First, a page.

Perhaps we should pay more attention to science fiction. In Soldier, Ask Not Philip K. Dick envisages a future in which the human race has not only spread to planets scattered over the galaxy but also separated off into specialised races. Bodily specialisation determined by the conditions of the planet inhabited is of course a common-place of the genre; Dick looks deeper and presents a psychological splitting, in which the inhabitants of each planet specialise in one mental ability. The Dorsai develop military skills, the Friendlies (the title is ironic) acceptance of a single faith for all, the Exotics something Dick calls philosophy, giving them the power to predict the social future. These are the Splinter Cultures; the inhabitants of Old Earth remain full-spectrum people. The next development is to be the fusion of these specialised segments into a new, richer version of full humanity.
Given that the object was entertainment (though more thoughtful than most) the scheme is well worked out, lacking mainly any motive force (other than “racial instinct which we haven’t completely charted yet”) that might produce these effects. Scattering, even over galactic distances, seems insufficient, since transportation is instantaneous and there is no mention of any earlier time without this facility.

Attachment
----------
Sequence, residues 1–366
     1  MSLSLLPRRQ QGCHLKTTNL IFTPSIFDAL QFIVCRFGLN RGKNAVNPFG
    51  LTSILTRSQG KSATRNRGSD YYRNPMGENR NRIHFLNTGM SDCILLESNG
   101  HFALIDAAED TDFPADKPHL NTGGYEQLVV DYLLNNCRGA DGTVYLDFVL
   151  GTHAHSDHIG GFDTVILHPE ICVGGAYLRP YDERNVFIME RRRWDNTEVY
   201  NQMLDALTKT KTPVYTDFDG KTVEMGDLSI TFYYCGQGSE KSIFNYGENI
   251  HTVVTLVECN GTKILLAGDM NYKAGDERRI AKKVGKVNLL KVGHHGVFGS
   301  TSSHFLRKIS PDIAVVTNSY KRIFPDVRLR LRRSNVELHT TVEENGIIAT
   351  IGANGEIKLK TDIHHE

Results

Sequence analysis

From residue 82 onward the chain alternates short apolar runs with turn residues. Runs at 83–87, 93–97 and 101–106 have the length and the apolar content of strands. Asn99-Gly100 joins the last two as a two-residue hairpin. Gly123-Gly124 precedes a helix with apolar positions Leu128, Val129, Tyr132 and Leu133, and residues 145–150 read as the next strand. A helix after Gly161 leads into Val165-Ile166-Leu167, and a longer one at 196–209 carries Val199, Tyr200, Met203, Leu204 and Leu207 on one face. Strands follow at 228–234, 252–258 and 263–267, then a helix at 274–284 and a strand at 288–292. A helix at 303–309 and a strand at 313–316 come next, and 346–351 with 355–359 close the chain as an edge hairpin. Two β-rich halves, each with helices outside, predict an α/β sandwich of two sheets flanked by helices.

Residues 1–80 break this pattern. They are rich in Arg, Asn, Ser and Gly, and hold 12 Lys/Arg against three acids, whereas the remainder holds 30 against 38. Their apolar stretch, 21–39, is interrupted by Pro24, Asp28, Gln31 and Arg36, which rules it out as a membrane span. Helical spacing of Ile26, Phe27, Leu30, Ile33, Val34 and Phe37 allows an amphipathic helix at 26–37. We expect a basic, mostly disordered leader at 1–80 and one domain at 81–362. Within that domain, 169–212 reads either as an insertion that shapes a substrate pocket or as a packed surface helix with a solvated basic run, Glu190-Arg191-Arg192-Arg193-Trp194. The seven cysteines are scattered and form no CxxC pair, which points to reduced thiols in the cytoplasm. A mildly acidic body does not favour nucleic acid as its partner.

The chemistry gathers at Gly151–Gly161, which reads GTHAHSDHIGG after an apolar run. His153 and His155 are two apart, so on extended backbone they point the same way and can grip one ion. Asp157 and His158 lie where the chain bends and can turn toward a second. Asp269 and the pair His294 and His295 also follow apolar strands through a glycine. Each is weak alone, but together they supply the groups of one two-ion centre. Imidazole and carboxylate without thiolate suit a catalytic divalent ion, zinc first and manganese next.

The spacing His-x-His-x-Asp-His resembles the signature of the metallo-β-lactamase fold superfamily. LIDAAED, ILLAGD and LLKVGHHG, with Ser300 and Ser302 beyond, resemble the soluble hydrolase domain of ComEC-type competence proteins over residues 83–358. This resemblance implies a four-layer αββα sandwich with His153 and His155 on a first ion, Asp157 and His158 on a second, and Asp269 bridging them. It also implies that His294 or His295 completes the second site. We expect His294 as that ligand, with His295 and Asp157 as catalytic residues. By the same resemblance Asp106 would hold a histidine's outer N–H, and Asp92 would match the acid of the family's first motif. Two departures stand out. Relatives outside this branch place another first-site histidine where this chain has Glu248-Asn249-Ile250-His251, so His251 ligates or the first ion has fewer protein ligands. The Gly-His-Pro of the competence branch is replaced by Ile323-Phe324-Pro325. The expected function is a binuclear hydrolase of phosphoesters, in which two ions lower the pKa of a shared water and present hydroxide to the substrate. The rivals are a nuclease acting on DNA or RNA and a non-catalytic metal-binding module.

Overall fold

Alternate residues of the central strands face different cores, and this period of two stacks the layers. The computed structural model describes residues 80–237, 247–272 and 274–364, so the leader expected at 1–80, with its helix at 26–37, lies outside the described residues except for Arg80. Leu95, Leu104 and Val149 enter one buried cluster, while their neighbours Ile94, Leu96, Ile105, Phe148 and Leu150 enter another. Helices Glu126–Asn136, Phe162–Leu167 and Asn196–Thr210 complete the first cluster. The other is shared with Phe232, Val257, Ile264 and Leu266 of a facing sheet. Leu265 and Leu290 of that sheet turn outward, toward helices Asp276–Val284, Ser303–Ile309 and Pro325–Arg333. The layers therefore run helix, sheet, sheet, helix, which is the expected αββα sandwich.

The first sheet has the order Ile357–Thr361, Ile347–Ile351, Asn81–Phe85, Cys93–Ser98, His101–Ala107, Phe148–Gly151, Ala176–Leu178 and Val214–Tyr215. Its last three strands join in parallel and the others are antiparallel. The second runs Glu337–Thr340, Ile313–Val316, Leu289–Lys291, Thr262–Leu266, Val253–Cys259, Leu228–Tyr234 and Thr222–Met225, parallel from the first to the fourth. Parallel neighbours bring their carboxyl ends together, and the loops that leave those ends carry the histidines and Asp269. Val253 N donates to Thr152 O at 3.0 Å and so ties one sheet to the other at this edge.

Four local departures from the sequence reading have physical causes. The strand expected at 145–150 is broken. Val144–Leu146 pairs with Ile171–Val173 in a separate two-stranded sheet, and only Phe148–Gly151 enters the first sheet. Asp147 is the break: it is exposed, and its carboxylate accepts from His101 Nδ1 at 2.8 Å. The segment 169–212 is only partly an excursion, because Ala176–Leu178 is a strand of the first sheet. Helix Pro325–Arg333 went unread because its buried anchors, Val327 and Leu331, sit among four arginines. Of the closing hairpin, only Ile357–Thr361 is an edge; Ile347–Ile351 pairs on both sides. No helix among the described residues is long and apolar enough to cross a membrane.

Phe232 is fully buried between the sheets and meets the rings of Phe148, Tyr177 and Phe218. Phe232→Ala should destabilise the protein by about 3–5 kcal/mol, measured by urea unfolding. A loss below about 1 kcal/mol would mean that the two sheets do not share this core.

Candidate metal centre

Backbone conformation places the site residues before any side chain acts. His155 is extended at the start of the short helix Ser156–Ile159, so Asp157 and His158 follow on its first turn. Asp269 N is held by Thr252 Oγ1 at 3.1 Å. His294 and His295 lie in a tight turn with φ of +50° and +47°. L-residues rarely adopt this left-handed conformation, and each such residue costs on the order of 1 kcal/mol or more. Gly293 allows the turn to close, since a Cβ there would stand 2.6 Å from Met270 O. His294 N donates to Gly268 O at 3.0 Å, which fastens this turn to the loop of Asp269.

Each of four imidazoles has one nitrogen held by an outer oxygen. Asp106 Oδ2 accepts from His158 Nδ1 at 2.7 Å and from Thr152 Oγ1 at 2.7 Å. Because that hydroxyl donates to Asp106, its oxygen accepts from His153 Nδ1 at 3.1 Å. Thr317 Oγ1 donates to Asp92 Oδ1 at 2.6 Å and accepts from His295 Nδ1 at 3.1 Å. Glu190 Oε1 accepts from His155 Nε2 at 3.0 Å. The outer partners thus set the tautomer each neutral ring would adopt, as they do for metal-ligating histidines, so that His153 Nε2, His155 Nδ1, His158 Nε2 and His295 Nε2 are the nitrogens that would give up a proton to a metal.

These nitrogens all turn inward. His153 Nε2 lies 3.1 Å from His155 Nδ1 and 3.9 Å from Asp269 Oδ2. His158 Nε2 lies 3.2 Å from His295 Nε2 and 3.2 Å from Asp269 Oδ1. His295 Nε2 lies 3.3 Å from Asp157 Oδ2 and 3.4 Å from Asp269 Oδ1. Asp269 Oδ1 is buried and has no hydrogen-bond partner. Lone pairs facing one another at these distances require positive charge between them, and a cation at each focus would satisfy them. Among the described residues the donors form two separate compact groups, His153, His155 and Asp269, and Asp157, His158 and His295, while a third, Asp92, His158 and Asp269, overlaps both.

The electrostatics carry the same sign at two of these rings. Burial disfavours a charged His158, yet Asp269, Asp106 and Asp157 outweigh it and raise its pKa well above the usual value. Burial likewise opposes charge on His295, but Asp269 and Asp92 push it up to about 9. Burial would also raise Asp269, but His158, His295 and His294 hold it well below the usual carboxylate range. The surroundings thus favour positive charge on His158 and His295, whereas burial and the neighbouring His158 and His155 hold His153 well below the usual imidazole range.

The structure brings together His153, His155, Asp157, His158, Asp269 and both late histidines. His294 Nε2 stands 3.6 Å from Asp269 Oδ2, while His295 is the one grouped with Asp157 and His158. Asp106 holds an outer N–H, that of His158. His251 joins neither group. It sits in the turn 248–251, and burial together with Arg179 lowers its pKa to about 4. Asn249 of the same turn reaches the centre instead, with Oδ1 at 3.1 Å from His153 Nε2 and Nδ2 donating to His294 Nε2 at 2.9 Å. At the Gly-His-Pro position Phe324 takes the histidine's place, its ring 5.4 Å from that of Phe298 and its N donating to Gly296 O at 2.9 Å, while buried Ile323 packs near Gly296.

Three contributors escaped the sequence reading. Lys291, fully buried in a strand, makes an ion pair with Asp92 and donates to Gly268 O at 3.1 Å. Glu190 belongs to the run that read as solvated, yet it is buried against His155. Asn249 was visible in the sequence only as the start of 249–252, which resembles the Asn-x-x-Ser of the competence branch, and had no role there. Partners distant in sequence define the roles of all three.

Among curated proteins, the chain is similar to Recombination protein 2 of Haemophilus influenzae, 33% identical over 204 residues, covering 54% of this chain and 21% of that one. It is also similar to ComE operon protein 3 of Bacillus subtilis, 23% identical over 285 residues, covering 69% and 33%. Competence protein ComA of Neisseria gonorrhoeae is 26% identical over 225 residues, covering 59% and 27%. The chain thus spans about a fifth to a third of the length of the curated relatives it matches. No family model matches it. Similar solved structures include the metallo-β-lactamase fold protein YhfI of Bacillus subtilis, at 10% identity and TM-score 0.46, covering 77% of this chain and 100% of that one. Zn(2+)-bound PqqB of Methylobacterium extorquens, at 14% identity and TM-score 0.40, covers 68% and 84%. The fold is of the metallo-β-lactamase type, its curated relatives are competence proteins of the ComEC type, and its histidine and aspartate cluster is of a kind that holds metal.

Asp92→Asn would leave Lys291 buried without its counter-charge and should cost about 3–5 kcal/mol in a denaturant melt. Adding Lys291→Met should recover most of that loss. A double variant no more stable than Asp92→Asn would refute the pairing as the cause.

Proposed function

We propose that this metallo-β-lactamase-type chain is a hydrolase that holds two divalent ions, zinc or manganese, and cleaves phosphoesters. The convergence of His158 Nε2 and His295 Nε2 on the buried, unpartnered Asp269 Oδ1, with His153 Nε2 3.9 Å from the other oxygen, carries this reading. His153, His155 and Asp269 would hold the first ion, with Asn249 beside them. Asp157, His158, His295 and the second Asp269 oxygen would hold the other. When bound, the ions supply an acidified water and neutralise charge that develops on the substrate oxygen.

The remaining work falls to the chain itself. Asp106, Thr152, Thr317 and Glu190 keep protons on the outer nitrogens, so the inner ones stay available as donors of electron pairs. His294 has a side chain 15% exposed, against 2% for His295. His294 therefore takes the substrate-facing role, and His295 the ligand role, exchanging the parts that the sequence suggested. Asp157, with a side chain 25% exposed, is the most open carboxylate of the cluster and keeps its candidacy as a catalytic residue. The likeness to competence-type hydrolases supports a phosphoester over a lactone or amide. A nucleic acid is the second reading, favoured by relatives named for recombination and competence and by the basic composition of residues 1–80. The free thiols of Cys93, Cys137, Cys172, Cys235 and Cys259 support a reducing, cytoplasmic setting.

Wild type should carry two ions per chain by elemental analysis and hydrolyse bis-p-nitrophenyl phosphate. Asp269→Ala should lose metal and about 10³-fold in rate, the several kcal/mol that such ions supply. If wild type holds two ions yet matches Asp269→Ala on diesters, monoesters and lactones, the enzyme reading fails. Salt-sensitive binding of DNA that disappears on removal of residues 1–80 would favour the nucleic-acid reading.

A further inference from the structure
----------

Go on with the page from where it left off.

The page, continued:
Bearing in mind Herbert Spencer’s definition of evolution as a movement from incoherent homogeneity to coherent heterogeneity (in fact we never have been able to bear that one in mind; those unwieldy phrases are only part of it) one is impelled to ask whether Dick’s conception is quite as deeply original as at first appears, but it is certainly more so than those of nearly all other novels, whether in science fiction or other genres. But it assumes that such things happen only in fiction. There is in fact a pattern of development, observable by anybody willing to take the trouble, which goes beyond Dick’s not only in range and complexity but also – more important – in the degree of realisation it has attained. Without leaving earth the human race has divided itself into a number of sections, each of them mentally specialised for particular functions, which co-operate together, each contributing its specialised abilities to the common enterprise. They are known as the major ideological groups.
from Ideological Commentary 37, January 1989.